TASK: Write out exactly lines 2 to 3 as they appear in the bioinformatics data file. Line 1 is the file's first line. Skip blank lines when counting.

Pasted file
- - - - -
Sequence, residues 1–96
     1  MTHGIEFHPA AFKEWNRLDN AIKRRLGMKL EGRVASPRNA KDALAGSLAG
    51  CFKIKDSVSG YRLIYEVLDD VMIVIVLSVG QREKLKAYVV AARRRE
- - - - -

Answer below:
     1  MTHGIEFHPA AFKEWNRLDN AIKRRLGMKL EGRVASPRNA KDALAGSLAG
    51  CFKIKDSVSG YRLIYEVLDD VMIVIVLSVG QREKLKAYVV AARRRE